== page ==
The defendant, Norrett, seeks a similar relief as the plaintiff, and Norrett by way of answer admits the allegations of the plaintiff, substantiating the facts hereinbefore related, and Irwin by answer admits the truth of the facts alleged.

The Director of Internal Revenue in the complaint in intervention claims priority for the amount of liens over the claims of Norrett and Zwaska to the full extent of the fund.

The Government is proceeding under certain sections of the Internal Revenue Code of 1954, 26 U.S.C.A.:

Section 6321 -- Lien for taxes.

"If any person liable to pay any tax neglects or refuses to pay the same after demand, the amount (including any interest, additional amount, addition to tax, or assessable penalty, together with any costs that may accrue in addition thereto) shall be a lien in favor of the United States upon all property and rights to property, whether real or personal, belonging to such person."

[52 NJSuper Page 33]

Section 6322 -- Period of lien.

"Unless another date is specifically fixed by law, the lien imposed by section 6321 shall arise at the time the assessment is made and shall continue until the liability for the amount so assessed is satisfied or becomes unenforceable by reason of lapse of time."

The rights of the Government are solely dependent on the rights of the taxpayer. A federal lien can rise no higher than the rights of the taxpayer, which rule limits the Government to the recovery of only the taxpayers' interest in the property. This is equally true if property is the subject of joint ownership. Bankers Title & Abstract Co. v. Ferber Co. , 15 N.J. 433 (1954), and the authorities cited therein.

The statute of frauds is not an issue as neither of the parties pleaded it. Moreover, the statute is not available to the Government, in view of its status as a judgment creditor. While the federal tax assessments against Irwin have the force and effect of a judgment, the statute of frauds was enacted for the protection of the party sought to be charged, and is not available to strangers to the agreement. McCue v. Deppert , 21 N.J. Super. 591 (App. Div. 1952). The Government as a judgment creditor is a stranger within the meaning of this rule and cannot set up the statute of frauds to prevent the execution, by its debtor, of an oral executory contract if the latter is willing to perform. 37 C.J.S. Frauds, Statute of § 220. If the parties to the contract as in this case are willing to waive the requirements of the statute, a stranger to the contract cannot object. It logically follows if one receives a conveyance of land under an oral agreement to hold in trust or reconvey, although it could not have been enforced against him, if he seeks to reconvey in pursuance of the trust, a lien creditor cannot object on the ground of the invalidity under the statute of frauds. 49 Am. Jur., Statute of Frauds , § 594. Under N.J.S.A. 25:1-3.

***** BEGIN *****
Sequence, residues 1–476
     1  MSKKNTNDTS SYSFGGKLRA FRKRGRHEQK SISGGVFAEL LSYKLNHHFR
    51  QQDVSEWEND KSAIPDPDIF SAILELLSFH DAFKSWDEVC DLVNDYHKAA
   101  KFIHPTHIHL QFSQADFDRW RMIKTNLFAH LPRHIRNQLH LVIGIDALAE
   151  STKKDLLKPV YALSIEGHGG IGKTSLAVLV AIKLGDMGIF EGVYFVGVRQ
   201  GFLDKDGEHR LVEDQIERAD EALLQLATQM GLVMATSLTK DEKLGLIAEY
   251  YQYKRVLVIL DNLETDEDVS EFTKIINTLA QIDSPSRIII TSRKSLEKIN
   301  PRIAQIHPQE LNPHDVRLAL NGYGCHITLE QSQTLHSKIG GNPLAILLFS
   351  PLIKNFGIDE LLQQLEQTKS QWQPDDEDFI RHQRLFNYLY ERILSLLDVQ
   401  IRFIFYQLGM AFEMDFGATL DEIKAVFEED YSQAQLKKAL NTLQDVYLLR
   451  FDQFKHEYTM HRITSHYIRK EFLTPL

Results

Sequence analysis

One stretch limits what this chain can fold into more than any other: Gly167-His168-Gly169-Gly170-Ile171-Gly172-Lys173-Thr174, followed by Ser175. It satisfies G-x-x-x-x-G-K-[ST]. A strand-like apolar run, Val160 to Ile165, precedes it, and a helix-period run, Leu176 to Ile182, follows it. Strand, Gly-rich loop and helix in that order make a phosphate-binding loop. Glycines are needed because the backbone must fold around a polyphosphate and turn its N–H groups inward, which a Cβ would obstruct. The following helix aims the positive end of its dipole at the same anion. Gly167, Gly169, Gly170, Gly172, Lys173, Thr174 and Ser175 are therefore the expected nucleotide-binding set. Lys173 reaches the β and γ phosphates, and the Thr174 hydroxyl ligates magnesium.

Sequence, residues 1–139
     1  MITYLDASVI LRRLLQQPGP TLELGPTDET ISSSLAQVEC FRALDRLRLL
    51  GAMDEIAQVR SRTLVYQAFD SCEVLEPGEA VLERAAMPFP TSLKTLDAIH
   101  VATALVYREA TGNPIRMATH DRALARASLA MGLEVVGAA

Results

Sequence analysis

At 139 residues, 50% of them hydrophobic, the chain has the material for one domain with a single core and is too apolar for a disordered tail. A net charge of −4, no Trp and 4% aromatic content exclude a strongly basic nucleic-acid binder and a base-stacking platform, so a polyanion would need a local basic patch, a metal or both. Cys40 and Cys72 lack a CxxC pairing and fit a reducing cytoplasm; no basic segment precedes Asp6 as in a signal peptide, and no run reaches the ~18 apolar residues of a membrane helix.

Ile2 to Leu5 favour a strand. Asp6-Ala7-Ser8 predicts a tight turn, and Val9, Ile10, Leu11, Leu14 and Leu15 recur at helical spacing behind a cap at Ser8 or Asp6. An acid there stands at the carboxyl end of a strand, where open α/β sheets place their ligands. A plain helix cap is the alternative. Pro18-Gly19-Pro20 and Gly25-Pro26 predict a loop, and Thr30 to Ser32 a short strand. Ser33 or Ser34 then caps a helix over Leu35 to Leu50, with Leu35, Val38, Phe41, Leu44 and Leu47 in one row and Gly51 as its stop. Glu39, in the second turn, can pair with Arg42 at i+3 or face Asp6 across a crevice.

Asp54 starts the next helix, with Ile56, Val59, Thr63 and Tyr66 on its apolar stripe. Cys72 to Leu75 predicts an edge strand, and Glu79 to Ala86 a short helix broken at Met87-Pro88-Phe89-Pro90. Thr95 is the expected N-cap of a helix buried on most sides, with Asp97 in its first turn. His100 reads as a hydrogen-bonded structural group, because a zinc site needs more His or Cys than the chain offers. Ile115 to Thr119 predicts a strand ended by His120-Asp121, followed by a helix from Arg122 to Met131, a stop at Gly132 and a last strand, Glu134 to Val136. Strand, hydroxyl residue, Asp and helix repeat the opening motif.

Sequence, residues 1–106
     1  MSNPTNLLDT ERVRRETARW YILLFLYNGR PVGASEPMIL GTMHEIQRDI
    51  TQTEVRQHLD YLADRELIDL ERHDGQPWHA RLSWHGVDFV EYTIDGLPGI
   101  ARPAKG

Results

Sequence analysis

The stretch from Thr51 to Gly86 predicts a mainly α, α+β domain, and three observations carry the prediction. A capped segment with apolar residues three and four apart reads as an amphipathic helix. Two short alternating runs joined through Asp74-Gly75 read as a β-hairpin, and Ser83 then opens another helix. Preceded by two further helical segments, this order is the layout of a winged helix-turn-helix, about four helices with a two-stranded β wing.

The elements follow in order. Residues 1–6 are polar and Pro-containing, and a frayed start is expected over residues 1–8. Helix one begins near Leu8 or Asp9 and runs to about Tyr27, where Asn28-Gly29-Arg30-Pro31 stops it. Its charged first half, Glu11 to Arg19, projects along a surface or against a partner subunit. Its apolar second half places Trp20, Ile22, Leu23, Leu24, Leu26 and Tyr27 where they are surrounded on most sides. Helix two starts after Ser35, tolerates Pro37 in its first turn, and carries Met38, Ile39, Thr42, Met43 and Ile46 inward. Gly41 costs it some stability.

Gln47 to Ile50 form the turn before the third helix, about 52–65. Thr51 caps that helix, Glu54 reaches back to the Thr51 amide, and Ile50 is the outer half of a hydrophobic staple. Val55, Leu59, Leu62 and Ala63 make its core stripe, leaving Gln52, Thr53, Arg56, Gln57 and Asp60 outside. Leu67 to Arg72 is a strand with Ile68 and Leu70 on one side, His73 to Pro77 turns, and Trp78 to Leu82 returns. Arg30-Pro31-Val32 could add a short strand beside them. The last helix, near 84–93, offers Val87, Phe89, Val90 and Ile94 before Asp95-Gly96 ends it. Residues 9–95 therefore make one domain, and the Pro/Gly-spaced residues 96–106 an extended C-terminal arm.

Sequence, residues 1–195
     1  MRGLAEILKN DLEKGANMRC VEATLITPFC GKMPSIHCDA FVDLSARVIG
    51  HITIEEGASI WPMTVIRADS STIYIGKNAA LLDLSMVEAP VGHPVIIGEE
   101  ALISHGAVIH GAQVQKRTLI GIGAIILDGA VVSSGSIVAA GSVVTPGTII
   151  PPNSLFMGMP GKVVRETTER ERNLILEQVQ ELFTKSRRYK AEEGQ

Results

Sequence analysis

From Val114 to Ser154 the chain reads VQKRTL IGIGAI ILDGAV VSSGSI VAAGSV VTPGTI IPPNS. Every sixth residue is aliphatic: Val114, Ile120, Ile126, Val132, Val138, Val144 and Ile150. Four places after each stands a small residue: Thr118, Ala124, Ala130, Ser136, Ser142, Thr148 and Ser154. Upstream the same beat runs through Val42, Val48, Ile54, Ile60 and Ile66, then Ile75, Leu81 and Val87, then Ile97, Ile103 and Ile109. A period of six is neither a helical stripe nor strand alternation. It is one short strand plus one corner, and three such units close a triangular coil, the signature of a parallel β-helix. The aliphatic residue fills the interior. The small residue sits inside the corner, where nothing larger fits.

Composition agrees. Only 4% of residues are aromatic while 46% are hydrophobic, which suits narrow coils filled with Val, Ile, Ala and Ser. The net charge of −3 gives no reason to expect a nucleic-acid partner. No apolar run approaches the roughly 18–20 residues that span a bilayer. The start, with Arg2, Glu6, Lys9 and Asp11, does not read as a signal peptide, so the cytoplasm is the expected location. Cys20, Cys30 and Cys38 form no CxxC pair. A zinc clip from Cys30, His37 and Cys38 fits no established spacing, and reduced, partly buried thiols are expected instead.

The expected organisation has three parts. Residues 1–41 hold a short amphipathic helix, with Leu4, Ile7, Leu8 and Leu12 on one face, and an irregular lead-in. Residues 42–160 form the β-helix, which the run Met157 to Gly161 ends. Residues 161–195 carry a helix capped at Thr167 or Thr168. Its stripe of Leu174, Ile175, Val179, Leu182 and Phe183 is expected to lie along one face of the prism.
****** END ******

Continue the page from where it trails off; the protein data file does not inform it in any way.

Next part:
"All declarations and creations of trust or confidence of or in real estate shall be manifested and proved by some writing, signed

[52 NJSuper Page 34]

by the party who is or shall be by law enabled to declare such trust, or by his last will in writing, or else they shall be utterly void and of no effect.

This section shall not apply to any conveyance of real estate, by which a trust or confidence shall or may arise or result by implication or construction of law, or be transferred or extinguished by act or operation of law, and any such trust or confidence shall be of like force and effect as the same would have been if this chapter had not been enacted."

This statute does not prevent the creation of a trust by parol, although the trust must be proved by writing. The latter requirement merely prescribes a rule of evidence. Nevertheless, in the instant case, the defendant Irwin failed to offer himself as a witness and his answer filed in the cause by reason of its indecisive content, is not sufficient written manifestation to support the proof required to establish an express trust. We are confronted with the efforts of plaintiff, Zwaska, and defendant, Norrett, attempting to prove that Irwin held the lands in trust.

Equity may, where an express trust fails for want of the required written manifestation, grant relief through the formula of a constructive trust to prevent unjust enrichment.

In view of the proofs showing the early arrangements were that each party should buy certain lots in his name as a joint adventure; the subsequent construction of the house under the supervision of and with an equal amount of funds from Zwaska and Norrett and services of proportionate value from Irwin and his employees with proper credit to Irwin of the amount he paid for the land; as well as the joint efforts of all to give effect to their oral arrangement after the house was completed in order that buyer Nilsen could acquire title; this court resolves the finding that a retention of the property by Irwin would be unconscionable. It is nonetheless true, when the Government becomes a judgment creditor.